- The deterioration of a photograph may be chemical, biological, or physical in nature.
- Main factors that affect deterioration of photographs: temperature, humidity, and lighting as well as processing quality.
- Physical and biological deterioration is generally immediately noticeable, whereas chemical processes occur gradually over a period of time and the irreversible damage is not immediately visible. By the time these changes are noticeable they are usually too far gone to be reversed. This is why it is crucial to prevent potential damage by correct storage environments and close monitoring of collections.
Deterioration of BW Gelatin Silver Prints
- Chemical compounds react with the silver image – resulting in oxidation, which can then cause staining, fading, discoloration etc. POP prints are particularly susceptible as they contain smaller particles in the silver deposit layer.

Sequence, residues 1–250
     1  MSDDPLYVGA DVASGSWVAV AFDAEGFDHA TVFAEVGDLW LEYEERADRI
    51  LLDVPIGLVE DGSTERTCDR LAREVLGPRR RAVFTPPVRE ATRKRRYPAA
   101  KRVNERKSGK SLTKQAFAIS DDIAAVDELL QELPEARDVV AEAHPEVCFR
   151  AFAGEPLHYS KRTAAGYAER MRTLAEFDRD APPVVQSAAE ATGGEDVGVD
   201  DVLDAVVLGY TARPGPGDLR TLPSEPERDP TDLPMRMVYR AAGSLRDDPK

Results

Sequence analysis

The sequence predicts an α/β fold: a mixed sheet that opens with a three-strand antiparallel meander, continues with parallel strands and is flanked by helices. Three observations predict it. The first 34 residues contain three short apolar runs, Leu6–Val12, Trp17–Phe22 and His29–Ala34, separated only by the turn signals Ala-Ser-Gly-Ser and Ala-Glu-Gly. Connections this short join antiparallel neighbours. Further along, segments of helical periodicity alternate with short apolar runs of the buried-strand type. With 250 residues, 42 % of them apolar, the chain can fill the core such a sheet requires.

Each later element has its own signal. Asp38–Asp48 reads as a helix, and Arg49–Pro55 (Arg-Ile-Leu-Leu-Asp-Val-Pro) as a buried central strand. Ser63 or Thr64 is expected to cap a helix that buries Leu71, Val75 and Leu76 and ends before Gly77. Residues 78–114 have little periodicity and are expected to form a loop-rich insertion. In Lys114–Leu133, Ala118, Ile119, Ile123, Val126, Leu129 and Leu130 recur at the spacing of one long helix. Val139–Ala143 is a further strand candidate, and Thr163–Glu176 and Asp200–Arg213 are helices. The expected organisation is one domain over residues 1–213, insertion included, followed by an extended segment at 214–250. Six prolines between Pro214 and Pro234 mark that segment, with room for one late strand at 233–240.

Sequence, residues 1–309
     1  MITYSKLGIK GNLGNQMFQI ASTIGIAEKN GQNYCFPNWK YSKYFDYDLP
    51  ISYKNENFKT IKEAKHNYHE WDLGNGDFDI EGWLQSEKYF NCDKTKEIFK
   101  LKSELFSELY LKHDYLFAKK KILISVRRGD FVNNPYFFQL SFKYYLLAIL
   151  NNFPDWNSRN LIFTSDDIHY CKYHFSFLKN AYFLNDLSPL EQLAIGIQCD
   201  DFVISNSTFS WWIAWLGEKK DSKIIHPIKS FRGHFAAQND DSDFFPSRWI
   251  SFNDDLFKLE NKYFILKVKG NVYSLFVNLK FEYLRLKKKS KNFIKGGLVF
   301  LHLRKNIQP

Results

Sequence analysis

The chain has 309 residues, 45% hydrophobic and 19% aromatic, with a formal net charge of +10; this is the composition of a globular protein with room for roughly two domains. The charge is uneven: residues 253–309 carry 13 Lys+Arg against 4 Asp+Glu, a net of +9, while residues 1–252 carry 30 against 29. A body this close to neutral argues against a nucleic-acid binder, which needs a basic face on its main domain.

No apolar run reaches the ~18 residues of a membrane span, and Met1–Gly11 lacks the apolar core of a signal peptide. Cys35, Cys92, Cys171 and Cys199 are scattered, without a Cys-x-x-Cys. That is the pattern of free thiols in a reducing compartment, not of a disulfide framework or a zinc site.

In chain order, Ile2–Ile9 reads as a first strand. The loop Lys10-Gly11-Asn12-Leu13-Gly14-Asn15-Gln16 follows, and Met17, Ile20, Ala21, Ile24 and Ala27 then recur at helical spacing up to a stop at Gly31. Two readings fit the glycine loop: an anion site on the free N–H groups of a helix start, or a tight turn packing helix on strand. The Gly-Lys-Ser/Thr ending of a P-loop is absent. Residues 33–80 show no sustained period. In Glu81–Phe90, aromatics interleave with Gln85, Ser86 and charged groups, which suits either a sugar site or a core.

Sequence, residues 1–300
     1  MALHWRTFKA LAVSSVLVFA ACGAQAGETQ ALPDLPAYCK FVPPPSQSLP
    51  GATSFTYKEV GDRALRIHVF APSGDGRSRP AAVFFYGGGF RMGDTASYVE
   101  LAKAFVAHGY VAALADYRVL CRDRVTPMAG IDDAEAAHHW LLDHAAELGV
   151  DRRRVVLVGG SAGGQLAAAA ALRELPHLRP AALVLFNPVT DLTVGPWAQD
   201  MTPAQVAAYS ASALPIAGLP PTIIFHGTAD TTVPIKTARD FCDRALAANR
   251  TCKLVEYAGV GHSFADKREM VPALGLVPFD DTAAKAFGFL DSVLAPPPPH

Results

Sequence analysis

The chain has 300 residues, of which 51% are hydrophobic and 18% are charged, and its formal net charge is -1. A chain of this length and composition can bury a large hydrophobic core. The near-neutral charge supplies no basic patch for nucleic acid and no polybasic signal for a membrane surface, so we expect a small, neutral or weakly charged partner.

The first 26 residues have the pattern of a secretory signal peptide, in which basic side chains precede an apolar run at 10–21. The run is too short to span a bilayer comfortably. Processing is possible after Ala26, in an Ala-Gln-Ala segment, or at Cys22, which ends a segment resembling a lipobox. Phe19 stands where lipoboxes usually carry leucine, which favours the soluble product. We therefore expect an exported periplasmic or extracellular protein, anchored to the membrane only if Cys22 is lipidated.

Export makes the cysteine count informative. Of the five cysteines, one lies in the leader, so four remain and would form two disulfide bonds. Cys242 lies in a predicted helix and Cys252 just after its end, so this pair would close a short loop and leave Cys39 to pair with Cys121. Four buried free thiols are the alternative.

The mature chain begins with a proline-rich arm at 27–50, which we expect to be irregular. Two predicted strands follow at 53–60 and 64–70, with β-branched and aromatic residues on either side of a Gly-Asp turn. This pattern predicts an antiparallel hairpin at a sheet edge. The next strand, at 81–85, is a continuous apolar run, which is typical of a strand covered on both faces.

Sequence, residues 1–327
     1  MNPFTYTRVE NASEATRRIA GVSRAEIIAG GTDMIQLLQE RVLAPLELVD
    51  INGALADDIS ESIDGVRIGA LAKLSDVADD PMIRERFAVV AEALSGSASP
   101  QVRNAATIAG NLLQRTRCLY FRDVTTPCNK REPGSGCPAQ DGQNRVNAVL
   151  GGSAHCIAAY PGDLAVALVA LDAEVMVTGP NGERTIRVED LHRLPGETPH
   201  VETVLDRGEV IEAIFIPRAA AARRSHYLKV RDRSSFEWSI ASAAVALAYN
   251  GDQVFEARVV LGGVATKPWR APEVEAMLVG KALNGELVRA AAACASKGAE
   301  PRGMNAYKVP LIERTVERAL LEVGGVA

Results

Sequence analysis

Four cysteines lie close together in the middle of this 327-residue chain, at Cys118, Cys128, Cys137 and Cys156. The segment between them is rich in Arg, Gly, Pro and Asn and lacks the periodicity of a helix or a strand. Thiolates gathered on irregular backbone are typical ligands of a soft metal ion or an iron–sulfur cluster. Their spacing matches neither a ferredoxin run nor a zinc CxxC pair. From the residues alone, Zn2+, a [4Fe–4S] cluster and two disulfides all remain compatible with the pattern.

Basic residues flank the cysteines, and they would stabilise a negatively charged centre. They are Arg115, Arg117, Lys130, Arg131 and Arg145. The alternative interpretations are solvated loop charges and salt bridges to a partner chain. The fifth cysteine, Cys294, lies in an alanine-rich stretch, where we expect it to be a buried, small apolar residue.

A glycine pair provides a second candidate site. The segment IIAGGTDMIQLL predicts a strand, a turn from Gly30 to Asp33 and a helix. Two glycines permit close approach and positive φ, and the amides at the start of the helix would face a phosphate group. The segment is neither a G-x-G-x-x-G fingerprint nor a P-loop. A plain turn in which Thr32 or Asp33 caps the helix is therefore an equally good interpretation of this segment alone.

- When prints are insufficiently washed and kept in a humid environment they will quickly yellow and fade.
- Sulfiding and staining are caused by inadequate washing. Fixer remains in the print reacts with high humidity and combines with the silver to form silver sulfide stains.
- Yellowing is a result of the formation of a layer of colloidal silver – due to oxidizing agents in the environment.
- Silver Mirroring: the high density areas of an image take on an iridescent sheen – visible in dark areas when viewed from the side. As a result of oxidation due to contaminants, silver mirroring occurs when the silver becomes detached from the filaments, migrates, and forms a layer on the surface.